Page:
After the scribes and chief priests had presented their case, Herod was convinced.
Then Herod secretly called for the wise men and learned from them the exact time when the star had appeared. Then he sent them to Bethlehem, saying, “Go and search diligently for the child; and when you have found him, bring me word so that I may also go and pay him homage.”Matthew 2:1-12 (NRSV)
Herod was of course disguising what he really wanted to do, so he could manipulate these well-meaning foreigners into doing his leg work for him.
The wise men believed him.
“After they had heard the king, they went on their way, and the star they had seen when it rose went ahead of them until it stopped over the place where the child was.”
How were they able to follow a star? Matthew doesn’t tell us, but certainly God was in it, because He makes Himself known to the people who genuinely look for Him.
So let’s stop a minute and think about all the responses Matthew has recorded so far to God’s proclamation that His Son has been born.
What must it have been like, for this deeply religious city, God’s holy city, to receive this entourage of Gentiles looking for the newborn anointed of God, the root of Jesse, the true Messiah?
We might have expected mounting excitement, a stirring in the streets, curtains fluttering and news buzzing, the sound of scrolls being unfurled throughout the city’s synagogues as elders and scribes eagerly sought every scriptural substantiation for the word being passed from home to home–“Messiah has come!”
It was Passover time, already there was a sense of expectation in the air, already families were pouring in from all over the known world to worship in the magnificent, gold-plated temple, ablaze with the glow of menorahs. Everywhere there were caravans, herds of beautiful yearling sheep, ready for the sacrifices, homes were being freshened and cleansed for the festival, all extra beds were getting new sheets in anticipation of company coming.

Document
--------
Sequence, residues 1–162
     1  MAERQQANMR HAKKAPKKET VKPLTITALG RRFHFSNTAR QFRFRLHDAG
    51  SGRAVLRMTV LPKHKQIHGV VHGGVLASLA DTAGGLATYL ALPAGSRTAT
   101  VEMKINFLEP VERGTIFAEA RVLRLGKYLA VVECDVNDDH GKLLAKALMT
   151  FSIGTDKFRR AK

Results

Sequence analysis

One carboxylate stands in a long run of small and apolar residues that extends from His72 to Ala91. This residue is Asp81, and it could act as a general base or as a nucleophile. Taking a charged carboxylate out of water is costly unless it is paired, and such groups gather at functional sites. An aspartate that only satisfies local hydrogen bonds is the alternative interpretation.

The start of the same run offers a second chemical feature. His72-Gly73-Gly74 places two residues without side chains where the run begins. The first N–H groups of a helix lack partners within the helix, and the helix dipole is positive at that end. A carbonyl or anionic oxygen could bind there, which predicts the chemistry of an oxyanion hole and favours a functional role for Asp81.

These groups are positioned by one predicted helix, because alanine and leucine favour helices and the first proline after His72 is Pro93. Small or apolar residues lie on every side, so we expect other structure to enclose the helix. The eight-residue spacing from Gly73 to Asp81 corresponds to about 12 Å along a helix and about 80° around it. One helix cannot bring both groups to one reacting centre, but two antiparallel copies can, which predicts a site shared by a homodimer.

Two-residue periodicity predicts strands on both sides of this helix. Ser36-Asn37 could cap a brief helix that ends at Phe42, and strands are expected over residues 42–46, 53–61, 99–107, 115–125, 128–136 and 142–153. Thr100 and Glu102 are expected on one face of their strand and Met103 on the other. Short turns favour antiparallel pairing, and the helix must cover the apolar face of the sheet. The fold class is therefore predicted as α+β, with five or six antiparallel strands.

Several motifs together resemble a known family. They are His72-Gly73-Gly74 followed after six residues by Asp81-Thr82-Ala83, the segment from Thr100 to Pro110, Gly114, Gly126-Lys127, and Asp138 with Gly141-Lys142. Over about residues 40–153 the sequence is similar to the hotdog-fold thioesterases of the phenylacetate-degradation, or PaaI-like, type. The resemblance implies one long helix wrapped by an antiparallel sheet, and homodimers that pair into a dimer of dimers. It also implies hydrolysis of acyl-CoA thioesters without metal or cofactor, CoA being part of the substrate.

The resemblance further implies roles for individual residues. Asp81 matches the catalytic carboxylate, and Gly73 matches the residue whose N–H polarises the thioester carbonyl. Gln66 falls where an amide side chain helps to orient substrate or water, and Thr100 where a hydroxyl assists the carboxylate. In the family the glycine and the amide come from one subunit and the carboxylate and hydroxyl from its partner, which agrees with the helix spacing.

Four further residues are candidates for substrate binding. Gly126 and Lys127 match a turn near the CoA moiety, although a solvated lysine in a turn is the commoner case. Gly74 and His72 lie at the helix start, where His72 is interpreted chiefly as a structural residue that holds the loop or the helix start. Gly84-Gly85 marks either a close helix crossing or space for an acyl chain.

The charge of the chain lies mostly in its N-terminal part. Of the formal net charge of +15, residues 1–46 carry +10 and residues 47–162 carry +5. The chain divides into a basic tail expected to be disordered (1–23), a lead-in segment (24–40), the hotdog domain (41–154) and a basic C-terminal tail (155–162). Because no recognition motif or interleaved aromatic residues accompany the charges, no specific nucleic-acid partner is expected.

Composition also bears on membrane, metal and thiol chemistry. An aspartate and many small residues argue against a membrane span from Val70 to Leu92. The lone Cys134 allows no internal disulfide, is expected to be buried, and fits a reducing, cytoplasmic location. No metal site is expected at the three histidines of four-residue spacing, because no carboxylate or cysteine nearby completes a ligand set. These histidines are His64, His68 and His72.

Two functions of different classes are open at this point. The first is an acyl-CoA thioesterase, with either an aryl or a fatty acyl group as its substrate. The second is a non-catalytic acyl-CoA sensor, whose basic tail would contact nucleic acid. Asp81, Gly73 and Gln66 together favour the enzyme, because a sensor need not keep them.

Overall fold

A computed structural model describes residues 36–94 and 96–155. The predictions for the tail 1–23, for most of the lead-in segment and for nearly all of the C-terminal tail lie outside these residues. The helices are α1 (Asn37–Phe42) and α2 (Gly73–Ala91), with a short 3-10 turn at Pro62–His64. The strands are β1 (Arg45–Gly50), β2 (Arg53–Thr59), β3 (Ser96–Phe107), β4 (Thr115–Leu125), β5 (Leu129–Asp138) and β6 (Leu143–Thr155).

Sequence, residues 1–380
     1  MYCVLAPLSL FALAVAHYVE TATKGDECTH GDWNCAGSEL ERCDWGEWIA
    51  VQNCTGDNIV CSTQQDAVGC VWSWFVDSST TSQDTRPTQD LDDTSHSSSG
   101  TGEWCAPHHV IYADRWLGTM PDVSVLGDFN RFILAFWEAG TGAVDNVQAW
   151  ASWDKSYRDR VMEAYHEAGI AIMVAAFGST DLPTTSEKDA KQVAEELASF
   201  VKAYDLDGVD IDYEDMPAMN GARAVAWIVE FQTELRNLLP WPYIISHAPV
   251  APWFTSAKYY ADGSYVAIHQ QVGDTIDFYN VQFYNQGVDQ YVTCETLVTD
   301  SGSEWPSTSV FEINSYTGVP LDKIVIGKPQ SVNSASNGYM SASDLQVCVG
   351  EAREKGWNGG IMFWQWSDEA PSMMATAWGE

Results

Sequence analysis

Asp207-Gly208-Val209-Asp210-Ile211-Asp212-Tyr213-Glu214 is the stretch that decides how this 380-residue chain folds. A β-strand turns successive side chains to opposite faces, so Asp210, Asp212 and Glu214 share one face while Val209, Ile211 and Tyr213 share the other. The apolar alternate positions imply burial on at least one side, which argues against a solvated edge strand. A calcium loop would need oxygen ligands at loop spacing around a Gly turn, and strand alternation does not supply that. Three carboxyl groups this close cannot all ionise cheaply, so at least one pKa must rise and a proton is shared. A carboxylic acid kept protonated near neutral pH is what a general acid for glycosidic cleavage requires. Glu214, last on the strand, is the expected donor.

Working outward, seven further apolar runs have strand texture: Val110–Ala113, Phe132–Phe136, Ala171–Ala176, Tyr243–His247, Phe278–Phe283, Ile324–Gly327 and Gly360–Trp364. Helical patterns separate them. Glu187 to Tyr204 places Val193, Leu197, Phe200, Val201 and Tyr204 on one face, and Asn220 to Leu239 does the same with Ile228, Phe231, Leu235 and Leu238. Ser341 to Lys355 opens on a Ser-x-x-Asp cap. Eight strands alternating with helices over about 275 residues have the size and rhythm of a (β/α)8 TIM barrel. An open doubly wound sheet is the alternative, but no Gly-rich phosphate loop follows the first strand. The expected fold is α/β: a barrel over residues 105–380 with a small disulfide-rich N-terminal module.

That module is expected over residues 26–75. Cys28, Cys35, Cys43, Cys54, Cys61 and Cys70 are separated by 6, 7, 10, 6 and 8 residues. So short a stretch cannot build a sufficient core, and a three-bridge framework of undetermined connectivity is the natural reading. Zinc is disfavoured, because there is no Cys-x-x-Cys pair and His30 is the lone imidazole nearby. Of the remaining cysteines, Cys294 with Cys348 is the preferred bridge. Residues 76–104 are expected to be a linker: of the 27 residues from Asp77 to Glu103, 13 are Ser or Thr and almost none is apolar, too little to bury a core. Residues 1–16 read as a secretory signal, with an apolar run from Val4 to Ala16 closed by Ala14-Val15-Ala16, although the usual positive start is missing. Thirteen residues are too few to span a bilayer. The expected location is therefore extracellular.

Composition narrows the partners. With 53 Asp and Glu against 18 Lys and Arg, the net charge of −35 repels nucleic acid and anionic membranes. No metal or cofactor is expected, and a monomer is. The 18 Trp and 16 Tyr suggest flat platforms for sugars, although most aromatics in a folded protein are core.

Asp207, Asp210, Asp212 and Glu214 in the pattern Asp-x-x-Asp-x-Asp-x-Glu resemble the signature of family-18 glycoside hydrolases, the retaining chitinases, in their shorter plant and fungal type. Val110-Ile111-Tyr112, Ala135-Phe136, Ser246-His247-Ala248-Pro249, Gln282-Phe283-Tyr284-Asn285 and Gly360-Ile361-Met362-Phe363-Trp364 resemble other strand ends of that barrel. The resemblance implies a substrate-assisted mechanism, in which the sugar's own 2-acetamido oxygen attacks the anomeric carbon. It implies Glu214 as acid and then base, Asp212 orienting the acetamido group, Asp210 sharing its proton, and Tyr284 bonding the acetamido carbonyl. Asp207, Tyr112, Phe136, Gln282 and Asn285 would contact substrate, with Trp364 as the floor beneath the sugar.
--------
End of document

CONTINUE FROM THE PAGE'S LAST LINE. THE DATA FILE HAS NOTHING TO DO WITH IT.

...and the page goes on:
Yet, among all these pilgrims, the Magi’s opulent and exoticly laden camels, their turbans and jewels, their royal purple robes, their leopard skins and strange accents, would have parted the crowds and drawn gasps of awe.
How did Jerusalem respond to the news of their God and King come down to dwell among them as the prophets had long foretold?
The people were bothered, vaguely worried, instead of excited and eager for their promised Messiah. Their ruler was a cruel and capricious king. They didn’t want anything to disturb him because that meant he would, in turn, take it out on them, people would get hurt, there would be upheaval and crackdowns.
Herod was insanely suspicious, always worried that someone was going to try and take away his power and wealth. For all his good qualities as a ruler, this one trait ruined every good thing he did. Instead of him controlling his life, and ruling his realm, this one trait controlled him and made him a tyrant of his realm.
Scribes and chief priest Religion was their work. These were the seminarians, ivory tower academics, deeply religious traditionalists, who considered themselves as perfectly keeping the law, above reproach; they knew it all and observed all the religious mores. Bethlehem was only five miles away, but they made no move to see if the Messiah had really been born there so they could worship Him.
As the teachers and law keepers, they didn’t feel the need to be taught anymore, the need to grow anymore; they considered themselves above all that, and above the people who still needed that.
It reminds me of the apostle John’s words, decades later,
In the beginning was the Word, and the Word was with God, and the Word was God. He was in the beginning with God.
All things came into being through him, and without him not one thing came into being. What has come into being in him was life, and the life was the light of all people.
The light shines in the darkness, and the darkness did not overcome it.
The true light, which enlightens everyone, was coming into the world.
He was in the world, and the world came into being through him; yet the world did not know him. He came to what was his own, and his own people did not accept him.John 1:1-10 (NRSV)
[Wise Men | http://www.freebibleimages.org, LUMO Project]
2 thoughts on “Proclamation of Christ”
Finally catching up on reading the blogs. Particularly liked this one. Good meditations.
Thanks, Bonnie!! Good meditations for me too.